# Different factorizations of p^n

1. Feb 23, 2005

### DarkEternal

I was doing an exercise for my algebra class dealing with the number of abelian groups of order p^n, where p is a prime number, up to isomorphism. i had to fill out a table for n = 2 to n = 8. for example, for n = 2,3,4,5,6,7,8, the number of groups = 2,3,5,7,11,15,22, respectively. essentially, the different ways one can write p^n. for example, for p^5, one can write p^5, p^4 p, p^3 p p, etc... although not part of the question, i was wondering if there was an easy way to work out a formula for this relation given any n? seems interesting, but i haven't come across it yet.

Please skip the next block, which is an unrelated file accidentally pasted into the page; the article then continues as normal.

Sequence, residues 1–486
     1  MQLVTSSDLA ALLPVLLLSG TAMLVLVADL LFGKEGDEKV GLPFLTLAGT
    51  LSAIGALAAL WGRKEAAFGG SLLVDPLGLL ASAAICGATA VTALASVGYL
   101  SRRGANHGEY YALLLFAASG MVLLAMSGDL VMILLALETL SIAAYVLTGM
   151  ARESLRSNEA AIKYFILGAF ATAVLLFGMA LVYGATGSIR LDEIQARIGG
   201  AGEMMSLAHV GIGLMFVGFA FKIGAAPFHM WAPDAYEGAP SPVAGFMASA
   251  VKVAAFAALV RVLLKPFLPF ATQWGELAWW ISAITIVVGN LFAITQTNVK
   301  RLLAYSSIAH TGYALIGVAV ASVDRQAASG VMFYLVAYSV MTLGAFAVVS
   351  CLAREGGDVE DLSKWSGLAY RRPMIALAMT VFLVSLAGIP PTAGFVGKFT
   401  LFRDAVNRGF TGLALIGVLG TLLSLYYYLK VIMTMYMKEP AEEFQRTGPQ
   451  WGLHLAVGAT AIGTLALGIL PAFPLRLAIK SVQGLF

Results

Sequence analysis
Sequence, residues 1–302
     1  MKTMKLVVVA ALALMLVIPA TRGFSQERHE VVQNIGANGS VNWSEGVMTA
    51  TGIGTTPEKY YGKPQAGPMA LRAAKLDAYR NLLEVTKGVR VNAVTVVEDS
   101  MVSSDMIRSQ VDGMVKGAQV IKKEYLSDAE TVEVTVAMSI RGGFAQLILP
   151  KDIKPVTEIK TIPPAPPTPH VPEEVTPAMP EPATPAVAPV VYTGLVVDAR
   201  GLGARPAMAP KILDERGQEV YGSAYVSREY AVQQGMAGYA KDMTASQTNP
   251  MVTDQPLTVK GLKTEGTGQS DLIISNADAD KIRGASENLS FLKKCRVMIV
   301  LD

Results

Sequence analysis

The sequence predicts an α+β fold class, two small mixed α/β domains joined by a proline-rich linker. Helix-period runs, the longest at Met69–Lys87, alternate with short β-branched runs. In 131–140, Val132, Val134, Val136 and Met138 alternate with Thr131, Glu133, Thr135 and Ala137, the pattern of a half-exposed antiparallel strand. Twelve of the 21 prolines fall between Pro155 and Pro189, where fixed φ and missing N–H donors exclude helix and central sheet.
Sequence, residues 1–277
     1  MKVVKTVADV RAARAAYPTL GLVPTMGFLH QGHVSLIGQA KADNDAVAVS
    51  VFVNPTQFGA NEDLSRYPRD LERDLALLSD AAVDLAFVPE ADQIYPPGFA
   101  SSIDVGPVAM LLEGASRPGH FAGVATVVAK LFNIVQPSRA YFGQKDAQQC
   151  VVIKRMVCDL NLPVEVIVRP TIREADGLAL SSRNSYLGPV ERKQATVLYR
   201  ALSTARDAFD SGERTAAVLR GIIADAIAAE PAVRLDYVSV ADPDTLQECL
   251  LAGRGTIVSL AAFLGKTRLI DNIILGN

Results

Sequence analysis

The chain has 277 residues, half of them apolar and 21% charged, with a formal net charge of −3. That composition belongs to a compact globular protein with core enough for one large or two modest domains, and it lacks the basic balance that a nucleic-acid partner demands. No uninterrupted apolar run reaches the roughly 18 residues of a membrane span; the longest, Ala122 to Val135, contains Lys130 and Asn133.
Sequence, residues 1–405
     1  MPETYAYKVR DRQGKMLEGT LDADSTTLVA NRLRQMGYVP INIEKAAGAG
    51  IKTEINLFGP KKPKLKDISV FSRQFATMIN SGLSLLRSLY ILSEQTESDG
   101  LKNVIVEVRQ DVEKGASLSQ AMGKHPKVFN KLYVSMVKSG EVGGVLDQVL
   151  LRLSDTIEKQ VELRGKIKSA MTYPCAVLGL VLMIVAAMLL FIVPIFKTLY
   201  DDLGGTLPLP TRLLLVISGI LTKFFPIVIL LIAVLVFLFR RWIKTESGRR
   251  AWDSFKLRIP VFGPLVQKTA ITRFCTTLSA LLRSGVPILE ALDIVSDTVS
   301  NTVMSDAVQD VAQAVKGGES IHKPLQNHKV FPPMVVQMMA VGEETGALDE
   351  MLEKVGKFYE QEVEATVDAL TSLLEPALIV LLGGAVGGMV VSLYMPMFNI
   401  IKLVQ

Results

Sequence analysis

2. Feb 24, 2005

### matt grime

Yes, these are partition numbers of some kind: the number of ways of writing n as the sum of integers.

2=1+1=0+2
3=1+1+1=1+2=0+3
4=1+1+1+1=1+1+2=2+2=1+3=0+4

If you think about it an abelian p group is specified by the number of subgroups of order p, p squared, p cubed and so on, and it becomes clear where the numbers come from.